Establish a culture of openness and empowerment
Speaking out against racism is a powerful act of allyship, but this can be challenging if your workplace has fostered a culture of fear and shame. Sometimes the embarrassment when members of their team make comments or jokes deemed racist, makes leaders cower from the problem. But as a leader, you must be willing to take responsibility for the behaviours of your people and hold them accountable for their actions.
Adopt a zero-tolerance approach to racism and explicitly call out any ‘banter’ or behaviour, even if it’s the most popular and high-performing individuals in your team and company who are participating in this. This will help rebuild trust and signal to your Black and ethnic minority talent that their experience and safety are equally valued and respected.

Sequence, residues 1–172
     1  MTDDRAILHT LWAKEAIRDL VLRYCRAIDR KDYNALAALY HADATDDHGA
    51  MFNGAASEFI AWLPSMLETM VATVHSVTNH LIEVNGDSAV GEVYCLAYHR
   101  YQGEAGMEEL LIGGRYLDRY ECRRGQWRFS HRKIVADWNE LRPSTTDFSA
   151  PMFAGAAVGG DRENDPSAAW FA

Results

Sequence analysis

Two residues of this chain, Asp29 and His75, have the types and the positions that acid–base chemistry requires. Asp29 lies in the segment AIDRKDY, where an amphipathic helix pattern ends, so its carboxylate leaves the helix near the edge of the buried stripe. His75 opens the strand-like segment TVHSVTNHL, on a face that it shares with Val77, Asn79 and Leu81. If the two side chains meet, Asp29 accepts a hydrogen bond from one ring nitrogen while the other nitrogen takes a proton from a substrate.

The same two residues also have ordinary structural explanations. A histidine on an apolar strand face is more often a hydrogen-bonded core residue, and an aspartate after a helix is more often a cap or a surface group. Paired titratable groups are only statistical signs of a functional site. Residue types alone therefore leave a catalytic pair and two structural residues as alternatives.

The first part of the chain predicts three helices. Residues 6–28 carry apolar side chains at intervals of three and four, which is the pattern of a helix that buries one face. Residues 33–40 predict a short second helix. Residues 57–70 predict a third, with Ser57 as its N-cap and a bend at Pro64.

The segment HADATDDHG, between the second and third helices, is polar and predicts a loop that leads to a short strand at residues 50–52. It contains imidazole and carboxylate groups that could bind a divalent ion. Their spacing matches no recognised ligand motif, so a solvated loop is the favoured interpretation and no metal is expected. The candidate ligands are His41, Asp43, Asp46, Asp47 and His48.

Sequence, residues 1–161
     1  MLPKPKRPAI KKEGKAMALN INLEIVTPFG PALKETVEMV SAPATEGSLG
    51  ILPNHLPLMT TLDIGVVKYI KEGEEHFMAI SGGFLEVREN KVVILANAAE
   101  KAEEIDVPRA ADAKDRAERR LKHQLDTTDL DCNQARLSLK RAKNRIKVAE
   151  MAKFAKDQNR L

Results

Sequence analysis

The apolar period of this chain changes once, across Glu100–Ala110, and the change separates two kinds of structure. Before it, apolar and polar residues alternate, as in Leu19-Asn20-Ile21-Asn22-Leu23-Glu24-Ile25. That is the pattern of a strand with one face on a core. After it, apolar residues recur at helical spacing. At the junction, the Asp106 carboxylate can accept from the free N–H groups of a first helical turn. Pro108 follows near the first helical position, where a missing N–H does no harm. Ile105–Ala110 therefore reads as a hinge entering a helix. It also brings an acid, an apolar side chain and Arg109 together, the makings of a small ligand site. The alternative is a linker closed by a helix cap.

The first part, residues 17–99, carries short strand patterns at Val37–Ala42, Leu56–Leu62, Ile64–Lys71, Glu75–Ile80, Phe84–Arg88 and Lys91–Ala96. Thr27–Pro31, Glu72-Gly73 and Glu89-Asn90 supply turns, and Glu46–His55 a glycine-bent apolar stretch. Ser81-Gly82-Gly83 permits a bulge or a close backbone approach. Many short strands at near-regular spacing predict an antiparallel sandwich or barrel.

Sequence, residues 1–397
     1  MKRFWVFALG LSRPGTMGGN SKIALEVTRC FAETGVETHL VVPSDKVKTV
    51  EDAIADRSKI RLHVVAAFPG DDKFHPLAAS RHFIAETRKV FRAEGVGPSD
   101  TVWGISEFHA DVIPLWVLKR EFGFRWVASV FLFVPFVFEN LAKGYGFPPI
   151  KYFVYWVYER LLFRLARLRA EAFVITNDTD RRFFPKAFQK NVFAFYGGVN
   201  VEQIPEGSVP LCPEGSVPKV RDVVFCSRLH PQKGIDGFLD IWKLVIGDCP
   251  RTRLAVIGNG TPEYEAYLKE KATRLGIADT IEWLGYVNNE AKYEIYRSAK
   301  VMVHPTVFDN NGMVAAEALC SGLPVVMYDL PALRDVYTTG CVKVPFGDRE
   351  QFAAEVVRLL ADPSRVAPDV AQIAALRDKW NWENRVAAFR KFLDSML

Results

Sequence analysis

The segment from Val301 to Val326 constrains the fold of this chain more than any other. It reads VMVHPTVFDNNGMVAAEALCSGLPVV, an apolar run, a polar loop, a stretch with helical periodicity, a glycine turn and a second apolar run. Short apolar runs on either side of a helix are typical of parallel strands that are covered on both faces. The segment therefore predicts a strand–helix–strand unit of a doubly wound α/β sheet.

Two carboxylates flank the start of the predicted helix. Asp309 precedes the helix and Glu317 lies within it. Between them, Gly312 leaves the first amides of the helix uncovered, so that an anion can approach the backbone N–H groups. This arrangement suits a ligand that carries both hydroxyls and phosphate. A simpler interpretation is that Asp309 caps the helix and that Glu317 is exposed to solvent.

If you are looking for a way to build a more open culture and encourage speaking out amongst your teams, organisations like the Institute of Business Ethics (IBE) have toolkits that can be deployed and used in training on what it means to speak up and how it can be done in a safe and secure way.
Whilst it’s important to consult the relevant employee resource groups and their equivalents on the path to progress, you should also work collaboratively to ensure everyone understands and feels included in your DE&I activities. Identify those who would love to be allies, mentors, sponsors, and supporters from across the entire organisation – vertically and horizontally – as well as reach out to and include those who may not ordinarily or immediately be thought of for contributions or thoughts.